A Thanksgiving Playlist (with extra sauce)


Pumpkin and… pedagogy.
Cranberry sauce and … culturally appropriate practices.
Turkey and … teacher morale.
Mashed potatoes and… making sure students’ attendance doesn’t drag on vacation.

OK OK. We’ll save you more menu alliteration and get to the birdie, I mean business, at your fingertips. Thanksgiving is something of an informal kickoff to a challenging yet rewarding season for teachers, principals, and district administrators.

For one thing, holiday markers can lift spirits during a tough school year. On the other hand, a domino string of sporadic days off by February promises to interrupt class momentum and further reduce student attendance rates.

Good sauce, that’s a lot to handle! Don’t be corny, but here’s a slew of stories from the Education Week archives that you can gulp down to make your vacation a piece of pie — or at least give you some new ideas to chew on.

Pass the roulades and do the homework…

“No matter what you’re working on in school right now, there’s no reason to ask students to worry about it during the first extended short break of the school year,” the educator wrote. Starr Sackstein in this opinion piece..

Sackstein said teachers shouldn’t give homework on Thanksgiving weekend. Instead, suggest they talk to a family member with a different perspective and share what they’ve learned, play with a pet, or help cook the holiday meal.

Christina Torres, an 8th grade English teacher, agrees.

“It’s important to take the stress out of homework during my students’ holidays. They deserve an opportunity to relax and rejuvenate as much as I do, especially if they are too programmed to start,” she wrote. in 2019.

Serve the stuffing and support a new teacher…

“For beginning teachers, coming to the end of the semester can bring a real sense of accomplishment. They feel free to write new plans and ready to reset routines for second semester,” Monica Washington, 2014 Texas Teacher of the Year, wrote in this EdWeek essay. “For others, this period brings questions and deep reflection. Is the teaching really what I thought it would be? Why do I feel so lost all the time? What else can I do with this science degree? »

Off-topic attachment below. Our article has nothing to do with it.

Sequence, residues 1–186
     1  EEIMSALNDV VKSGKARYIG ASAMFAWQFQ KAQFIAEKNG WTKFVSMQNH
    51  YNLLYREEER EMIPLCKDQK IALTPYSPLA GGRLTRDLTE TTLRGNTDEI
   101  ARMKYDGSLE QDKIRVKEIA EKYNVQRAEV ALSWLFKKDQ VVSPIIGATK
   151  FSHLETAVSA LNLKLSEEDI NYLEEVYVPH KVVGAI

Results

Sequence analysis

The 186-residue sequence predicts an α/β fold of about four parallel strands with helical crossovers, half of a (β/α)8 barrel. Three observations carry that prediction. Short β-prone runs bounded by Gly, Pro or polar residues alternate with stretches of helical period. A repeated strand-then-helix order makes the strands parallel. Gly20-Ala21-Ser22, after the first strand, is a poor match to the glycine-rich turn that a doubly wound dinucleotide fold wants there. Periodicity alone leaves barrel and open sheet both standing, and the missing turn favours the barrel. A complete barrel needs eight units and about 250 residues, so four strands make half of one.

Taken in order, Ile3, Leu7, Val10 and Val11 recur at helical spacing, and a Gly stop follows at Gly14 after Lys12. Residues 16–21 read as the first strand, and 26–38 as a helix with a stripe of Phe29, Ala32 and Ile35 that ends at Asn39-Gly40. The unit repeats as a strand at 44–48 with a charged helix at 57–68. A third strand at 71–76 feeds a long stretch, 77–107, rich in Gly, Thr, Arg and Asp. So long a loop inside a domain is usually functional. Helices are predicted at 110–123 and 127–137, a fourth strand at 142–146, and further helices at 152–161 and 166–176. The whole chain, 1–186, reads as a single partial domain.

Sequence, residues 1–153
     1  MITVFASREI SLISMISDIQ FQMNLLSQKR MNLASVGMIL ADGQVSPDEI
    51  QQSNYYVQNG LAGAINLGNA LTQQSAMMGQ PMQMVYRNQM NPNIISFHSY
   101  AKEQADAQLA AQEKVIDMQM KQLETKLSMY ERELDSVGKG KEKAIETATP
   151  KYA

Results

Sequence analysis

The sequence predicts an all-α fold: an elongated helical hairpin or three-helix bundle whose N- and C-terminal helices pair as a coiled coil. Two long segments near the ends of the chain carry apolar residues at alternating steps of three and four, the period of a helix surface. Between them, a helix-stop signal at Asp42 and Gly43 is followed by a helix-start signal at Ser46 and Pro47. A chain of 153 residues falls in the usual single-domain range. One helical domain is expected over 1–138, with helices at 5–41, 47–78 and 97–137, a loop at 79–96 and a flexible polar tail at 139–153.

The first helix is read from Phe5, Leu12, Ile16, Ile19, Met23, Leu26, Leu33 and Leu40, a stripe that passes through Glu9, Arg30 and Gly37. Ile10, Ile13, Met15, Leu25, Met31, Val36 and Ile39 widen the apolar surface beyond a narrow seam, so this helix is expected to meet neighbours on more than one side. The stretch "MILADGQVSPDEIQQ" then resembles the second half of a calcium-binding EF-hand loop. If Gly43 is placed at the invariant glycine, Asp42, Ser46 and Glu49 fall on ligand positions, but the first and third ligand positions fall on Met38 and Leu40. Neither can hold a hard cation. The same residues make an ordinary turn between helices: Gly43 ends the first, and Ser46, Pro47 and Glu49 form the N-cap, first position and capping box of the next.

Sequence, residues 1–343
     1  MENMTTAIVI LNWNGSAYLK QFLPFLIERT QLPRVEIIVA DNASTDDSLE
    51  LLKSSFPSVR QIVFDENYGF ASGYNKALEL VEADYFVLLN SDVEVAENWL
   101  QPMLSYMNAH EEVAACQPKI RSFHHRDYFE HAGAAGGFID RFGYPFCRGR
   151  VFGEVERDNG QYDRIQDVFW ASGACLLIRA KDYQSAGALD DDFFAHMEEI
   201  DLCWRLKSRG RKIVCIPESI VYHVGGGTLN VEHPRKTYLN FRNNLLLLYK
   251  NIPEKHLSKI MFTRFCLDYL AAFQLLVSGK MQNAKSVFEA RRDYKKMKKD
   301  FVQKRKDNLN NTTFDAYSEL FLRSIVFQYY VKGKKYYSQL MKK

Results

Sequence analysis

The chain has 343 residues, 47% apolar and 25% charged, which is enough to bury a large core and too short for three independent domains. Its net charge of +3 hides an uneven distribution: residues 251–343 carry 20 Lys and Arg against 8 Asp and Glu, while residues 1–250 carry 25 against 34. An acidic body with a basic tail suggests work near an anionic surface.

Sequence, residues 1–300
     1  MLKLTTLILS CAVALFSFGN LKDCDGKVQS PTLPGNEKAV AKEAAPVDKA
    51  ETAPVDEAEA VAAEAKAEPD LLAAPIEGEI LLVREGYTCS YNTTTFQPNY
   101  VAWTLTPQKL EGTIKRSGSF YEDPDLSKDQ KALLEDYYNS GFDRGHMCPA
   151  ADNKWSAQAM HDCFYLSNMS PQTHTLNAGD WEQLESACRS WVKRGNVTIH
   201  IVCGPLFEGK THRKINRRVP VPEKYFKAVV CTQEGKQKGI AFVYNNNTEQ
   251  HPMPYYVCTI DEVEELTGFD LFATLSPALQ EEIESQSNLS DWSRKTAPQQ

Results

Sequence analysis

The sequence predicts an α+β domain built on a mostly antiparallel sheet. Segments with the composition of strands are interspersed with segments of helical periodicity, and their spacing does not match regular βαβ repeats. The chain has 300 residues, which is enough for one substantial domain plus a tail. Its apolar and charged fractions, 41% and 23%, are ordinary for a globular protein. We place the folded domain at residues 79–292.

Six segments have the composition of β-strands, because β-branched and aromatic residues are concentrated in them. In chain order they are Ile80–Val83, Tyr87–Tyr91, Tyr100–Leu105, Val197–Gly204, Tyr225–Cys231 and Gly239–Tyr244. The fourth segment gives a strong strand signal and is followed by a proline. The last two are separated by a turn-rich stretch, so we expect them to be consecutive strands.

In this opinion piece, Washington urged administrators to check in with new teachers around Thanksgiving to offer support, answer questions and point out things they are doing well.

Give thanks for the chance to re-examine history…

There is “less and less” use of construction paper headdresses and simplified pilgrim stories in schools “as more and more people are aware that this version is a myth, and we realize that there is a really different perspective that needs to be taken into account,” Jacob Tsotigh, a citizen of the Kiowa tribe and a tribal education specialist for the National Indian Education Association, told Education Week 2019 .

In this story and an accompanying PBS Newshour segment, Education Week explored how teachers have “unlearned” the widely told Thanksgiving narrative. understand the Native American perspective.

Give up football and practice pluralism…

For educators “the convergence of so many vacations [following Thanksgiving] can create the December Dilemma: how to recognize and respect the wide variety of holidays and traditions held dear by their students without implying that some are more important than others,” wrote Kimberly Keiserman, Education Program Associate at the Tanenbaum Center. for Interreligious Understanding, in a 2015 opinion essay.

Keiserman explored how educators can respect their students’ diverse cultural and religious traditions during the winter vacation season.. A tip: teach students to ask open-ended questions such as: “Which holidays are important to you?” instead of “Why don’t you celebrate Christmas?” »

Prime! This article offers advice for teachers on selecting songs and readings for holiday shows.

Eat eat eat! And plan to involve the students…

“To reduce the levels of absences in our schools, we’re going to have to have a very intentional, thoughtful, long-term strategy,” Hedy Chang, executive director of Attendance Works, told Education Week recently.

Chronic absenteeism has increased during the pandemic, and the winter months present a particular challenge for school leaders struggling to develop attendance habits. Holidays interrupt learning time and a wave of respiratory illnesses has led to temporary school closures across the country. In this article, Chang offers tips for keeping students engaged.

Grow in gratitude and empathy…

“As any teacher will tell you in one of these [high-poverty] schools – a growing number, thanks to the steady increase in the percentage of children living in difficult circumstances – the Monday after Thanksgiving is a particularly difficult (and important) day to be an educator,” wrote education activist Sam Chaltain in this opinion piece. “While many children will be ready and eager to get back to school life, some will return to class having eaten little during the four-day break. And others will be numb from their prolonged stay in a world of chaos and dysfunction.

Schools must take into account the realities of students’ lives to help them learn and succeed, Chaltain wrote.

Prime! Learn how two Washington state district leaders developed a community school strategy to help their community connect students and their families to needed supports like food pantries, employment services, and mental health care.

Nurture “gratitude”…

“The constant state of haste, worry, and fury in which we live and teach, along with the myriad distractions of everyday life, amounts to what author Brigid Schulte calls ‘overwhelm’. And adults aren’t the only ones experiencing this; students feel overwhelmed too,” wrote author Gary Abud.

In this opinion piece, Abud writes about classroom practices for nurturing and sharing ‘thankattitude.


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